http://www.ncbi.nlm.nih.gov/pmc/articles/PMC8354357PMC
August 2021

Cervical ripening after cesarean section: a prospective dual center study comparing a mechanical osmotic dilator vs. prostaglandin E2.

J Perinat Med 2021 Sep 2;49(7):797-805. Epub 2021 Aug 2.

Department of Obstetrics and Gynecology, Vivantes Klinikum im Friedrichshain, Affiliate of Charité University, Berlin, Germany.

Objectives: Worldwide, the overall cesarean section is rising. Trial of labor after cesarean (TOLAC) is an overall safe option with an immediate impact on neonatal and maternal short- and long-term health. Since the use of prostaglandins in cervical ripening is associated with an increased risk of uterine rupture, mechanical methods as balloon catheters or osmotic dilators have been suggested for cervical ripening prior to induction of labour. Here we are analyzing and comparing the VBAC rate, as well as maternal and fetal outcome in cervical ripening prior to TOLAC.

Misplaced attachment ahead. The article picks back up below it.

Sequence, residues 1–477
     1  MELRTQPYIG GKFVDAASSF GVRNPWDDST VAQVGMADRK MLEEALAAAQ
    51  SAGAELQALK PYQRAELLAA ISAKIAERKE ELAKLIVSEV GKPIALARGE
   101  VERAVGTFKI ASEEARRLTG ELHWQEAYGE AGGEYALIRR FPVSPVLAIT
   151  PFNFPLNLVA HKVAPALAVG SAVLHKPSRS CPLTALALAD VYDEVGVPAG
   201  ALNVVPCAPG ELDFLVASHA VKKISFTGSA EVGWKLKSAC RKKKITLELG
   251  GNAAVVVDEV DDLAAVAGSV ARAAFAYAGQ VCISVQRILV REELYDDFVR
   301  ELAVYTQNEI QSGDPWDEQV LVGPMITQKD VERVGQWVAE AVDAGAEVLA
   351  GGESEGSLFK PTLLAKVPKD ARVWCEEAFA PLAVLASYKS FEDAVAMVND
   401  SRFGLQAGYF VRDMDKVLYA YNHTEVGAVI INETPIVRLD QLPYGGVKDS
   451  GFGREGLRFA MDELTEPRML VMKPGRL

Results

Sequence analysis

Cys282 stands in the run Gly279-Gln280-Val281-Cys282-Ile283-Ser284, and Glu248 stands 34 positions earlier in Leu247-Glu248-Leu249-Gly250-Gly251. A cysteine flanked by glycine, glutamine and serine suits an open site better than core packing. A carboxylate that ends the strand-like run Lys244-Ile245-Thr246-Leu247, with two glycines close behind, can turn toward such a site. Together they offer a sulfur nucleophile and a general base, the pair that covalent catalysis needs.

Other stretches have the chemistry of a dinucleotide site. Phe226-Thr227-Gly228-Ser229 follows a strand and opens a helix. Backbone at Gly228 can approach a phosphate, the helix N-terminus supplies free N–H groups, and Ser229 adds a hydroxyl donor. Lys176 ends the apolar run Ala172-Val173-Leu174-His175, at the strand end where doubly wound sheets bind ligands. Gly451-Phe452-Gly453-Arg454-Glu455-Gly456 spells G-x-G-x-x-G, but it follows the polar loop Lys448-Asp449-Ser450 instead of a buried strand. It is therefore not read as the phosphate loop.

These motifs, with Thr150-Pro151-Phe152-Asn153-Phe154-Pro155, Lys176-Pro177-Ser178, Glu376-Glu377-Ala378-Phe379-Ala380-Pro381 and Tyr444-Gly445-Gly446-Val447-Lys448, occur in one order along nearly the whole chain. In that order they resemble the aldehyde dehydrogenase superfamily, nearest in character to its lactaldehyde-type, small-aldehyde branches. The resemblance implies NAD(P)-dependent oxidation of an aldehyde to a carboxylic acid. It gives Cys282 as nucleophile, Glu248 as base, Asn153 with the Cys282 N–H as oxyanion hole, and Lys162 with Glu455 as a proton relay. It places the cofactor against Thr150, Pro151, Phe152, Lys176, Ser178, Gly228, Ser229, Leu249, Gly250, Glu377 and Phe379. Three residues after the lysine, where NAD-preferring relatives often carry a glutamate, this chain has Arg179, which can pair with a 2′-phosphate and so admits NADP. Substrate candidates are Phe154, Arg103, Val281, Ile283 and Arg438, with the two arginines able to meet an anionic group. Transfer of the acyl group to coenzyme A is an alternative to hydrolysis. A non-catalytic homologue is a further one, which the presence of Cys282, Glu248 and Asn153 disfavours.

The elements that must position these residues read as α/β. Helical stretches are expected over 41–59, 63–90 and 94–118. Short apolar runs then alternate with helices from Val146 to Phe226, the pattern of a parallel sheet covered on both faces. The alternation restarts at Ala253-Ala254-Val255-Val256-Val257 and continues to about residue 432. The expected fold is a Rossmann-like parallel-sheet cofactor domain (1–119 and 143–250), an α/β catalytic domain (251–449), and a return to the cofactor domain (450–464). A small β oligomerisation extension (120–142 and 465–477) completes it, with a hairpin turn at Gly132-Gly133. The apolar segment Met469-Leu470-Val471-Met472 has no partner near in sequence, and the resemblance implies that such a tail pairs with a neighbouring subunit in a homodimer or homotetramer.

Methods: This prospective dual center study analyses maternal and neonatal outcomes of TOLAC in women with an unfavorable cervix requiring cervical ripening agent. The prospective application of an osmotic dilator (Dilapan-S, n=104) was analysed in comparison to the retrospective application of off-label dinoprostone (n=102).

Results: The overall fetal and neonatal outcome revealed no significant differences in both groups. Patients receiving cervical ripening with the osmotic dilator delivered vaginally/by ventouse in 52% of cases, compared to 53% when using dinoprostone (p=0.603). The interval between application to onset of labor was significantly higher in the osmotic dilator group (37.9 vs.20.7 h, p=<0.001). However, time from onset of labor to delivery was similar in both groups (7.93 vs. 7.44 h, p=0.758). There was one case of uterine rupture in the dinoprostone group.